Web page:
As a nutrition expert, people are always asking me for my “weight loss secrets.” The truth is, I don’t have any secrets. I think the credible information that would help most people is already out there. Things are changing ever so slowly. I see a growing trend toward simplifying weight loss strategies. Many people are saying that they aren’t dieting (yay!), they’re just making healthier food choices and only eating when hungry. (That’s a big one. Try it for one day and you will realize, you really don’t know what hunger and fullness feels like.)
One simple tip I can offer is to avoid eating like a typical American – the SAD diet (Standard American Diet). I recently appeared on TV with a client to show how she is losing weight – and inches – by avoiding the SAD eating habits of typical Americans.
- About 70% of Americans do not meet recommendations for fruit and vegetable intake. I like to crunch on veggies between meals and check my plate at lunch and dinner for fresh, steamed, or broiled non-starchy veggies. Looking for something new? Try fennel, jicama, and kale. Aim for 2-3 fruits a day. I like having one fruit with breakfast and one with lunch or dessert after dinner. Fruit is nature’s candy and really should form the foundation of sugar intake.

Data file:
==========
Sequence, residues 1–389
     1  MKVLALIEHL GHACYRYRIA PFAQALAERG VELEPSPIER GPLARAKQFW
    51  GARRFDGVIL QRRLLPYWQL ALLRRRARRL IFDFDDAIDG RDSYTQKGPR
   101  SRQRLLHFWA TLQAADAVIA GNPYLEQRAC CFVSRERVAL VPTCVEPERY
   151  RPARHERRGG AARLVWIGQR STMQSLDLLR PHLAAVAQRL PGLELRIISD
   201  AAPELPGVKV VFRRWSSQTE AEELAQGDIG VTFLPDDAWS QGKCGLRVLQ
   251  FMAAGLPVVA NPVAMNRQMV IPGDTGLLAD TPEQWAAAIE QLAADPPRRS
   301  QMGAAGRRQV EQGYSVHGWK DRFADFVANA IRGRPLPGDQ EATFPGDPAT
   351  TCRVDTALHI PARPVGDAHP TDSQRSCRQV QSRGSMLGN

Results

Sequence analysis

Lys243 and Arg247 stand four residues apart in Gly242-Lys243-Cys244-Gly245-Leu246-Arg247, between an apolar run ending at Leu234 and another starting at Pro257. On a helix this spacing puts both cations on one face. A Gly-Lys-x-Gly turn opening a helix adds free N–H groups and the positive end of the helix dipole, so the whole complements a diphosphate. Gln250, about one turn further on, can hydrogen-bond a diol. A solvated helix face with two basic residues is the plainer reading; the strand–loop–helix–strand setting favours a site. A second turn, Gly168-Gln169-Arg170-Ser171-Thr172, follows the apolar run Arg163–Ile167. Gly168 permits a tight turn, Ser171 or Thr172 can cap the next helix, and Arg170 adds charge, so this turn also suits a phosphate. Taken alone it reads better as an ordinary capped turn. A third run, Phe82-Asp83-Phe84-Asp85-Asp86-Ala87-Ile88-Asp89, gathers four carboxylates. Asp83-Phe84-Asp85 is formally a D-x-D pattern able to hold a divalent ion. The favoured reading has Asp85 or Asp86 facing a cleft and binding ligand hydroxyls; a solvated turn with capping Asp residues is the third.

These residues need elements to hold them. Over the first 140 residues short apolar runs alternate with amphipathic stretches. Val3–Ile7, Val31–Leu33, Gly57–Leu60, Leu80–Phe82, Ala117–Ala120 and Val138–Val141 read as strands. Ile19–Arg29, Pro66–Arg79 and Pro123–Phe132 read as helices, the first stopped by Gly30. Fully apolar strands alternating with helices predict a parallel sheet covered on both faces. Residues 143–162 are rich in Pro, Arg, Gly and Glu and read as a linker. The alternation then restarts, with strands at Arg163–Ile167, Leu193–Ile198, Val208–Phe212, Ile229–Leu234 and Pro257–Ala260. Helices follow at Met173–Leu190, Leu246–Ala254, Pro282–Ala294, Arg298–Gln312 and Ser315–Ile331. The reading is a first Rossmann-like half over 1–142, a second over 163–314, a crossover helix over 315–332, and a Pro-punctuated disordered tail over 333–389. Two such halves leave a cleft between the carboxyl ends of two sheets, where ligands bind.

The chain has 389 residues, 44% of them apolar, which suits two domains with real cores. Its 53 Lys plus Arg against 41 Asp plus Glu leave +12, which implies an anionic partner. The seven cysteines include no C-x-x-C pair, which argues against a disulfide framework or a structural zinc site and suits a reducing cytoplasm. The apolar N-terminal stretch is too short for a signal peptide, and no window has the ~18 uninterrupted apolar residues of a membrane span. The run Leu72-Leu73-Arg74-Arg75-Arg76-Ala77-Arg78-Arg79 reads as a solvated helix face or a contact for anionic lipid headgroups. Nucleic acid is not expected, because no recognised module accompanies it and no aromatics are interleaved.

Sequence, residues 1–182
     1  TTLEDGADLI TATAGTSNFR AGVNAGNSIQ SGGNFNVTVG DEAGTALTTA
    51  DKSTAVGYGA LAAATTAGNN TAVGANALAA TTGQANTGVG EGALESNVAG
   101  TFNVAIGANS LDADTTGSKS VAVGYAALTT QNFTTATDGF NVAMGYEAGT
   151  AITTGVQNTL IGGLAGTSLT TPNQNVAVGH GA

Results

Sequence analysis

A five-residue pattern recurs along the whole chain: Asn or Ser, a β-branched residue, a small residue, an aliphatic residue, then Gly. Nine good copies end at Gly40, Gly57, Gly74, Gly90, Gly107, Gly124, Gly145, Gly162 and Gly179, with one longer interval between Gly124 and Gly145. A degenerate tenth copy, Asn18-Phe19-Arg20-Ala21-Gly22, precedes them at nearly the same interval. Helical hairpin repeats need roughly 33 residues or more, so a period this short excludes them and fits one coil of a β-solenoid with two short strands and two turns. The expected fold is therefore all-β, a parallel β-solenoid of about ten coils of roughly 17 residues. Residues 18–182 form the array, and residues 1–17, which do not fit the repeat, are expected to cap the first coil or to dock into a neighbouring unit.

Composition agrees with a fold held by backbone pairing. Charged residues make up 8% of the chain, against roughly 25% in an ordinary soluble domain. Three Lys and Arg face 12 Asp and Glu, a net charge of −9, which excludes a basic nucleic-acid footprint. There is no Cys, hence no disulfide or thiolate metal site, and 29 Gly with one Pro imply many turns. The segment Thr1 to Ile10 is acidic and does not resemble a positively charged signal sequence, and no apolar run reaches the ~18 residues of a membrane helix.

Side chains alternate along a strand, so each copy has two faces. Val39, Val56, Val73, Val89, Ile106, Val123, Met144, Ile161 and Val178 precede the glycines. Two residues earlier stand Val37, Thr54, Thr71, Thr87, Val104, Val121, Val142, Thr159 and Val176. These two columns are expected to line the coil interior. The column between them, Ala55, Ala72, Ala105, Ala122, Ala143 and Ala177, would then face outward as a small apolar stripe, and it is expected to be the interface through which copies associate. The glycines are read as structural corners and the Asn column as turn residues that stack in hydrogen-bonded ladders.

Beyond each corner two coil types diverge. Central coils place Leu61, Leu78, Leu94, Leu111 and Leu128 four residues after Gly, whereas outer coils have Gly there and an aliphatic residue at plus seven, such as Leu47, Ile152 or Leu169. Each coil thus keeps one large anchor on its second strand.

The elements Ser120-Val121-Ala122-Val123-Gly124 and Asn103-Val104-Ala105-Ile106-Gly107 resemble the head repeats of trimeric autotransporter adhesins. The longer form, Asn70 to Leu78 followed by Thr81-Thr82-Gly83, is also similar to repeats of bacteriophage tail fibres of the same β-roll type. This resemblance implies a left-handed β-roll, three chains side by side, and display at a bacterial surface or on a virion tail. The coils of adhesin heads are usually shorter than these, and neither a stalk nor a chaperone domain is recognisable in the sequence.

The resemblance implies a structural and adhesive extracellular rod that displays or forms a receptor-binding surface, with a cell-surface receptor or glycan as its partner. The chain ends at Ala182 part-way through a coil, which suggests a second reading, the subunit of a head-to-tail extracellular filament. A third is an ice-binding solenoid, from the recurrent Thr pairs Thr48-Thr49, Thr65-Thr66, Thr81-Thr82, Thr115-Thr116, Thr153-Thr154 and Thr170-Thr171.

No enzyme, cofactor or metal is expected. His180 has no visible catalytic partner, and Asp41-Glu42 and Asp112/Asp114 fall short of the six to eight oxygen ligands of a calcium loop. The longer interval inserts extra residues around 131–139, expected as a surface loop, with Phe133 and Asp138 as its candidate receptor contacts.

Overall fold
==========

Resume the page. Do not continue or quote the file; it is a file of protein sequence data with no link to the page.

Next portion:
- Americans get nearly 30 grams of saturated fat per day. Some saturated fat is fine. You may find it in coconut milk, coconut oil, or lean animal meats. The recommendation is less than 10% of calories. Since we all eat different calories, our limits are different. If you focus on adding in plant foods and limiting meats, animal skins, solid fats like butter, and cheese you should be in your range. Most healthy adults need 2,000 calories or less, which puts the upper level of saturated fat at 22 grams a day. Replacing a fast food burger meal (about 14 g saturated fat) with a home cooked vegetarian meal will help you slash it way down.
- The average American consumes about 22 teaspoons of sugar a day. It is most important to get naturally occurring sugars from fruits and dairy products. Watch the added sugar found in flavored drinks, yogurts, and desserts. Check labels. The American Heart Association recommends limiting sugar to 6 tsp/day for women (100 kcal) and 9 tsp/day for men (150 kcal).
- Cut way back on salt intake. The typical American gets more than 3500 mg of salt a day. The recommended range is 500-2100 mg per day. Ask for “no salt” when ordering at restaurants. You can also split an entree and a large garden (veggie) salad. Pile half the plate with veggies and the other half with “anything else.” It’s a quick way to eat less of the salty prepared food and get in veggies, which are naturally low in salt. You should also read labels of sauces and marinades you buy for the quick and healthy meals you’re trying to make at home.